FN19 19For instance, Fierro mentions al-Bājī’s recommendations to his children in his ‘Testament’ ( Waṣiyya li waladayhi), exhorting them to moral uprightness and warning them against having recourse to astrology, wine drinking, playing chess and singing. Kassis translates an extract of this work in which the Andalusian scholar admonishes his children to remain devoted and attached to this religion which God, be He exalted, has given us of His bounty. Let none of the affairs of this world cause you to slide away from it. Offer even your lives in return for it and sacrifice for it all worldly things. Without it, expect eternal Hell, and with it, the hope of eternal bliss . . . If you die maintaining this faith, which God has selected and preferred—while He has forbidden all other religions—then I hope that we shall meet where we shall neither fear separation nor anticipate an ending. God well knows how I yearn for this. (Kassis, “Muslim Revival,” 93)
FN20 20Fierro, “La religión,” 495. Hereafter, all translations into English are mine.
FN21 21See Moshe Perlmann, “Ibn Ḥazm on the Equivalence of Proofs,” The Jewish Quarterly Review40 (1949-1950), 279-290.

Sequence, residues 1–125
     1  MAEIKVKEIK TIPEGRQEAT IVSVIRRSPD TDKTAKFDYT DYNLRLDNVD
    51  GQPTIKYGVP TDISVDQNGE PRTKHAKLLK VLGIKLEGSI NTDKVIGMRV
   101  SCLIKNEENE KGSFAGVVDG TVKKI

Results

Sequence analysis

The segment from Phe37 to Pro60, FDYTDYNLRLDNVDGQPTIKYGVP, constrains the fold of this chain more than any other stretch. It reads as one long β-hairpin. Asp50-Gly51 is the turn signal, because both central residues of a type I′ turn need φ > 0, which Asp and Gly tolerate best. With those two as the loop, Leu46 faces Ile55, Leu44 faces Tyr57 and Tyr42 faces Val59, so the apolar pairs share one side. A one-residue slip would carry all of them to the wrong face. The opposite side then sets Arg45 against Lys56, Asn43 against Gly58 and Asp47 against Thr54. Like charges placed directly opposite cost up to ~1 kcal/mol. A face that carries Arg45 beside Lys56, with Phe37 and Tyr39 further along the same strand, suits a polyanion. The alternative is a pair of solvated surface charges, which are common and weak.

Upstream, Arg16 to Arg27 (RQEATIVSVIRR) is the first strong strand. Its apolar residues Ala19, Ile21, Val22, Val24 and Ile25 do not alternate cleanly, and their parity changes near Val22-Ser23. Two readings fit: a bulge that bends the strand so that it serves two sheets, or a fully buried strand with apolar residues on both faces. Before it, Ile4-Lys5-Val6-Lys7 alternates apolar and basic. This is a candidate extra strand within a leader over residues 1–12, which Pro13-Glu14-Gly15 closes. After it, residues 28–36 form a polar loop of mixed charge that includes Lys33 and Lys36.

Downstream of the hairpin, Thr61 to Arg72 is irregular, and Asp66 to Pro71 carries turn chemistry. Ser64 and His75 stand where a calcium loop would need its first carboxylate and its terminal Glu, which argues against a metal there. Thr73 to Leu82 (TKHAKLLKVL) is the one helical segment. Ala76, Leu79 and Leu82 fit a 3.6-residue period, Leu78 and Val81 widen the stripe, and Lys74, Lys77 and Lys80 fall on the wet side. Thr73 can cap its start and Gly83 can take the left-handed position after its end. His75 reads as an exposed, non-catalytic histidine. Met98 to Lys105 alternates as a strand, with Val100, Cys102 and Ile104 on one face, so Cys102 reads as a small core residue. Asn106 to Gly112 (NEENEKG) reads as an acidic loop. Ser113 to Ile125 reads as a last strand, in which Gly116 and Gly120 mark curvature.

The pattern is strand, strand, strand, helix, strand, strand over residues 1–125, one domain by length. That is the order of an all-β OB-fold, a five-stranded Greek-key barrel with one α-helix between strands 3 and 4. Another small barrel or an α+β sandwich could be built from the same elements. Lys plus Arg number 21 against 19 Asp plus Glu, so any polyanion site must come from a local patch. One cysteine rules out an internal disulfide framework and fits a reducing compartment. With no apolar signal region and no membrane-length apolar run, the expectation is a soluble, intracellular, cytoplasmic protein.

FN22 22On this expedition against Barbastro, which Ramón Menéndez Pidal famously described as “a crusade before the crusades,” see Joseph F. O’Callaghan, Reconquest and Crusade in Medieval Spain(Philadelphia, PA: University of Pennsylvania Press, 2003), 24-7; Beech, The Brief Eminence, 231-233; and more in detail Philippe Sénac, “Un château en Espagne: Notes sur la prise de Barbastro (1064),” in Liber Largitorius. Etudes d’histoire médiévale offertes à Pierre Toubert par ses élèves, eds D. Barthélemy and J.-M. Martin (Geneva: Droz, 2003), 545-562. For echoes of the fall of Barbastro in Muslim sources, see Manuela Marín, “Crusaders in the Muslim West: The View of Arab Writers,” The Maghreb Review17 (1992), 95-102. According to her analysis, the fall of Barbastro differs from other narratives of sieges and loss of territory. Several Arab writers express their horror and consternation at this event. They are aware that the attackers came from beyond the Pyrenees and describe them as treacherous, ferocious, and thirsty for booty. Among the witnesses collected, we find the following fragment by Ibn ʿAbd al-Barr describing the situation after the fall of Barbastro: What can be your opinion, O Muslims, when you see mosques and oratories, that once were witness to the recitation of the Qur’ān and the sweetness of the call to prayer, immersed in polytheism and slander, loaded with bells and crosses in place of the followers of the Merciful: imāms and pious men, vergers and muezzins . . . are dragged away by the infidels like animals for sacrifice, they are brought to the butcher, they prostrate themselves humbly in the mosques which are then burnt and reduced to ashes while the infidels laugh and insult us, and our religion wails and weeps. (96, modified)